Bell’s Palsy was first described in 1821, and the pathogenesis remains unclear. About 25 percent of cases are related to trauma, surgery, local infection, tumour and stroke. The remainder are now considered viral and associated with ischemia and compression of the facial nerve in the area of the temporal bone.
Herpes simplex virus type 1 (HSV-1) has been identified in some Bell’s Palsy cases. One patient, who developed typical symptoms of Bells Palsy simultaneously with an acute dental infection in the second and third molar area, had the following symptoms:
- Unilateral lack of forehead wrinkles
- Inability to lift the eyebrow
- Inability to close the eye
- Depressed nasolabial fold
- Inability to move the left corner of the mouth and smile
- Inability to purse the lips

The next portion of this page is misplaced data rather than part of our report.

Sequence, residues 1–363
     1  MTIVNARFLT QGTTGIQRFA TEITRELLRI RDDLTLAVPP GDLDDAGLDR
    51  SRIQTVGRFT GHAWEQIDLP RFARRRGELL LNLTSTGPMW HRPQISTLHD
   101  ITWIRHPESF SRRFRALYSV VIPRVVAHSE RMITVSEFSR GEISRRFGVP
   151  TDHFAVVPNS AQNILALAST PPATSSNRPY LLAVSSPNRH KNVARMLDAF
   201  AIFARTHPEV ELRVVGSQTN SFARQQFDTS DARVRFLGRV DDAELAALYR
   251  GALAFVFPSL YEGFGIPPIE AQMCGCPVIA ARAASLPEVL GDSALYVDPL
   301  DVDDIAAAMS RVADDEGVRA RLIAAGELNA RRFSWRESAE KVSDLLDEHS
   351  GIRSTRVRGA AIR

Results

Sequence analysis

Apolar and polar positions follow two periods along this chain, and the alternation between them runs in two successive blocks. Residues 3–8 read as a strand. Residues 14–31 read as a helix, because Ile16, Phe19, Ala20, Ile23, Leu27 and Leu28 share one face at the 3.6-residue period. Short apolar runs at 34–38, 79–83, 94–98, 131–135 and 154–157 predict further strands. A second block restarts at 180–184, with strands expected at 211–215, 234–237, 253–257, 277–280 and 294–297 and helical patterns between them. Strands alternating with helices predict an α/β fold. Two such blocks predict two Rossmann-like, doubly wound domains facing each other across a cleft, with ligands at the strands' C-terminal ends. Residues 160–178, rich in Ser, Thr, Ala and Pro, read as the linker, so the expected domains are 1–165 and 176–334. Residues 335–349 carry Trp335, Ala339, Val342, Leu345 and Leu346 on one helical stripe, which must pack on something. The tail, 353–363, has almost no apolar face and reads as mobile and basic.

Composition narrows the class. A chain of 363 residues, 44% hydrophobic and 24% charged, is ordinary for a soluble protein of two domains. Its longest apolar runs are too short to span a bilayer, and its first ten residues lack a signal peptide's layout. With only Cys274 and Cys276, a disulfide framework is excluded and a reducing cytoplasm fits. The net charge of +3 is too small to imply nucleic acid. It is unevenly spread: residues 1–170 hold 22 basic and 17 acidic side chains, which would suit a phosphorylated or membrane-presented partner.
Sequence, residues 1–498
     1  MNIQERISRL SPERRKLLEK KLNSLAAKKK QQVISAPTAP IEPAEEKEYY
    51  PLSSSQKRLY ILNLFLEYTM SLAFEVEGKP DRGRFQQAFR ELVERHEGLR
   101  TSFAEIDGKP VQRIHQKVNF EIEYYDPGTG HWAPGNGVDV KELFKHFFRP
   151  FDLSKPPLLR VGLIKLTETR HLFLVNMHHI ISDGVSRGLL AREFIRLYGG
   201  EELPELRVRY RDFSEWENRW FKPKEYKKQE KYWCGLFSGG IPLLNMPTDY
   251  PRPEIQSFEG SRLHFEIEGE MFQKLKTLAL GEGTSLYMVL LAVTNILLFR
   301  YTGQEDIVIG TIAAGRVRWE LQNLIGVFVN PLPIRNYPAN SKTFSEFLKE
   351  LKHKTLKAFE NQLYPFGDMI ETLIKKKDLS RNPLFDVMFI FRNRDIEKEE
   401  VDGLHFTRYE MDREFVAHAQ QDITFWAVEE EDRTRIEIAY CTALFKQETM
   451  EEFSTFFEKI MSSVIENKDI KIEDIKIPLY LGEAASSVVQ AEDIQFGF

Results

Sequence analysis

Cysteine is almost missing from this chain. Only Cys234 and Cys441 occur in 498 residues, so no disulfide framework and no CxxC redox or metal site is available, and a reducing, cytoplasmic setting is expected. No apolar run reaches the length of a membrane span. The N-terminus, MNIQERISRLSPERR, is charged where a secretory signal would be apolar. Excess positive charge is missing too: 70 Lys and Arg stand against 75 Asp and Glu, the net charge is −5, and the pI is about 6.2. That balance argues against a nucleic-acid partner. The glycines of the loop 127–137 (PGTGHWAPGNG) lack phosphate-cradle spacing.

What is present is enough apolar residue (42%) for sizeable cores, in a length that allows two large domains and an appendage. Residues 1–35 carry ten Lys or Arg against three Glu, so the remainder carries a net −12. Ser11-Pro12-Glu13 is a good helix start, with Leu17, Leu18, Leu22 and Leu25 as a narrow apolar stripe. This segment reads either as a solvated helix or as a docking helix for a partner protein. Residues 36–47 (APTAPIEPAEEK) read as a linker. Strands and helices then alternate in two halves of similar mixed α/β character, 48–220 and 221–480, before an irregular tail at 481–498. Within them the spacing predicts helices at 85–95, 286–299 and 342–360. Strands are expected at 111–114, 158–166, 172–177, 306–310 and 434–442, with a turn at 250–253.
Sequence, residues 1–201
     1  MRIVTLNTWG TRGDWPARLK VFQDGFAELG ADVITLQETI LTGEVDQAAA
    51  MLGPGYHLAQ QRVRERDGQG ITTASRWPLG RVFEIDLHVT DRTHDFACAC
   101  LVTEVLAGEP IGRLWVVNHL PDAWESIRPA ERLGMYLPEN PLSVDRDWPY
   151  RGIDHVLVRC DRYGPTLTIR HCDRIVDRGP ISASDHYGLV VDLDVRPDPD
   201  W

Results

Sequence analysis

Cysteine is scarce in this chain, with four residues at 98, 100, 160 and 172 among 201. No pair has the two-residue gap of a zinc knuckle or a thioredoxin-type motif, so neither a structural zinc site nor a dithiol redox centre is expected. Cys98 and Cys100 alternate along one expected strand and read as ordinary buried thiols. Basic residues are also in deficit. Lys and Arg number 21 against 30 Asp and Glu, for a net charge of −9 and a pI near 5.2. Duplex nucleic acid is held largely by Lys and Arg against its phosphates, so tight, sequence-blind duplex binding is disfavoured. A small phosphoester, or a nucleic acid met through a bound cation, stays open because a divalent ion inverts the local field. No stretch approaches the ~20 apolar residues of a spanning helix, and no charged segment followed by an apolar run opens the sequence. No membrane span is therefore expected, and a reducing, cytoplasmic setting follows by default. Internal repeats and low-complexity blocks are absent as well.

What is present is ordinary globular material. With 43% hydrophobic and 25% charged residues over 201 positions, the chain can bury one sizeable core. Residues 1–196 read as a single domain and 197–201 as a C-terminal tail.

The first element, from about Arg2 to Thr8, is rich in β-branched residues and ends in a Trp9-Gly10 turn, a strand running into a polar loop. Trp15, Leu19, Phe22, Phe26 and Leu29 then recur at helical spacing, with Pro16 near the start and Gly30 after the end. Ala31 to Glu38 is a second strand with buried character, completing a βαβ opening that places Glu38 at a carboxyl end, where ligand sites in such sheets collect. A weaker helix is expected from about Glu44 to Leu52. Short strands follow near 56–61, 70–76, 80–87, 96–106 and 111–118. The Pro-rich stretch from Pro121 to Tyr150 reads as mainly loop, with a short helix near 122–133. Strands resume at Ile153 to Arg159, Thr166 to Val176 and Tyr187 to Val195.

Theories to explain the coincidence of Bell’s Palsy occurring at the same time as a dental infection include local compression theory, immune compromise theory and Bell’s Palsy pro-dromal theory. A neurologist can prescribe steroids and antiviral agents plus a tapering course of prednisone. The outcome of facial paralysis depends on the amount ofnerve damage. About 80 percent of patients have completed recovery, 15 percent have partial improvement and five percent have severe residual symptoms and permanent nerve damage. A better understanding of how the seventh cranial nerve is related to dental disease may come from further study of Bell’s Palsy cases.